Handmade soft toys add attraction to Mahila Samithiya exhibition | Sunday Observer

Handmade soft toys add attraction to Mahila Samithiya exhibition

A few ladies from the Mahila Samithiya are gearing up for the upcoming exhibition scheduled for next Tuesday (November 28) at the Lionel Wendt. This annual exhibition which is nothing short of success will be in keeping with their traditions. However, this time they have something new to showcase.

A few months back, a bevy of ladies attended their first lesson on handmade soft toys with handloom material, at the Mahila Samithi Head Office in Malabe. What started as a small-scale project has now blossomed into a successful endeavour. The brains behind the project is none other than, well renowned Pushpa Pathmaperuma.

Pathmaperuma is a known figure in the entrepreneurial world. She started her collection of hand-made dolls as a small business and reached beyond the oceans in no time.

“These are my own creations. I have not gone anywhere or to anyone to learn how to make these handmade dolls. I just knew how to make them. When I see one I am able to create it in my mind and then execute it,” she said, explaining how she started the business.

What had begun as a small time hobby, developed into a business, then expanded beyond the horizons which gained her export awards locally as well as internationally.

But, this story is not about her. She insisted that it should not be about her, but about her precious students.

“I have now retired from business, though of course, I still make them at my leisure, because it is more a part of my life than a business, and I would never give up until I am physically unable.”

Pathmaperuma was in the hunt for a project in which she could share her knowledge, material, and above all her legacy, and continue to make a contribution to society.

“This is the best way I can give back to society as a gratitude for the ability and gift I acquired.”

It all began when she ran into her High School friend, now President of Mahila Samithi – Thilanka Perera. The latter knew exactly how she could put this knowledge to good use and so they started their new venture, sharing knowledge and educating a selected group of women, free of charge, from both in and out of Colombo, travelling from as far as Ratnapura. Shriyani, Prema, Gaulin and Vinitha will display their masterpieces at the upcoming exhibition. The excitement beaming through their faces was not something difficult to notice. For most of them, it’s the first time they are engaging in such an endeavour.

Shriyani Wickremathilake travels all the way from Ratnapura to attend the class. She says, it’s a worthy exercise to take up every Monday.

“I come to Colombo the previous day and stay at a relative’s house so that I can attend the class on Monday, and go back home after completion,” she said.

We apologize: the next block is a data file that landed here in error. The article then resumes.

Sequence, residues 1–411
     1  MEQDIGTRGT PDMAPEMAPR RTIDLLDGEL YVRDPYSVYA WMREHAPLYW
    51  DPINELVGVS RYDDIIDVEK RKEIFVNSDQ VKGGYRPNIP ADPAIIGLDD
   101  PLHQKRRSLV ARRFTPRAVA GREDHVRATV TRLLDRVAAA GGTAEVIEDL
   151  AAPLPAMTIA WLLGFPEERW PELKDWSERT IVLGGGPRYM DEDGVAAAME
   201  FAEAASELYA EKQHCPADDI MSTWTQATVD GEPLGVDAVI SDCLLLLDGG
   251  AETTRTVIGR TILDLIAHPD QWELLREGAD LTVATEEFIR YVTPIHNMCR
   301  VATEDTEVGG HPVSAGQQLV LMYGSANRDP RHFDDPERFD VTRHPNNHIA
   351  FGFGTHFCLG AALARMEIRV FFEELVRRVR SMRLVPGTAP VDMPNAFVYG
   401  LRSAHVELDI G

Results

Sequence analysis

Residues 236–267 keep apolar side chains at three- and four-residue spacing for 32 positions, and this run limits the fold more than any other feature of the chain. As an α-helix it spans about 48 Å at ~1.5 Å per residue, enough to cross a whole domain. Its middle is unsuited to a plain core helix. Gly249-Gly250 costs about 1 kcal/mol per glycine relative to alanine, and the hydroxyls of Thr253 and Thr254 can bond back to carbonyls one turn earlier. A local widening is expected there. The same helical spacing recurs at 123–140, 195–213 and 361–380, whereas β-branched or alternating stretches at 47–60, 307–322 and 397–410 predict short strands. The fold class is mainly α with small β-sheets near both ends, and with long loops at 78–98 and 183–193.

She has been attending the class for about 5 months, and has mastered the art during the short period. After the demise of her husband and with her two daughters grown up, Shriyani had some spare time. So, she says, the project helps her to overcome her loneliness.

“I was able to pick up fast, and can now make any design of dolls. It brings so much meaning to my life. Rather than making it a business, I want to go back to my hometown and teach others about it, so that they could make use of their talent and contribute to their families and to society,” she said.

Prema Wijerathne from Kotte used to work at the craft centre at the Mahila Samithi and when she learnt about the class, thought of giving it a try.

“It’s only a few months since I started this project. I take about two days to finish a project”.

Prema says, the financial gain she sees for the preset is as gifts for various occasions, which in a way is financial gain. “I hope to have my own business one day,” she says.

According to Pathmaperuma venturing out into a business, individually or collectively can be a difficult task.

“At present, it is difficult for them to do everything by themselves, i.e. from purchasing raw material to finding a good market. So we plan to get help from the many handloom exporters to find a better market. If they could get orders through garment factories, a steady buyer could be found for them,” says Pathmaperuma.

It is therefore through local exhibitions that the Mahila Samithiya looks to encourage these women to promote their work.

Besides the handmade soft toys beeralu, batik kaftans, bags made out of pun are also included in the collection.

While social empowerment and prominence to women and their contribution to the economy is discussed at length, in the higher realms of governance, the efforts of Tilanka Perera and Pushpa Pathmaperuma is commendable. What we can do to help them is, visit the exhibition at the Lionel Wendt this Tuesday and appreciate their hard work.

Pix : Wimal Karunathilake 

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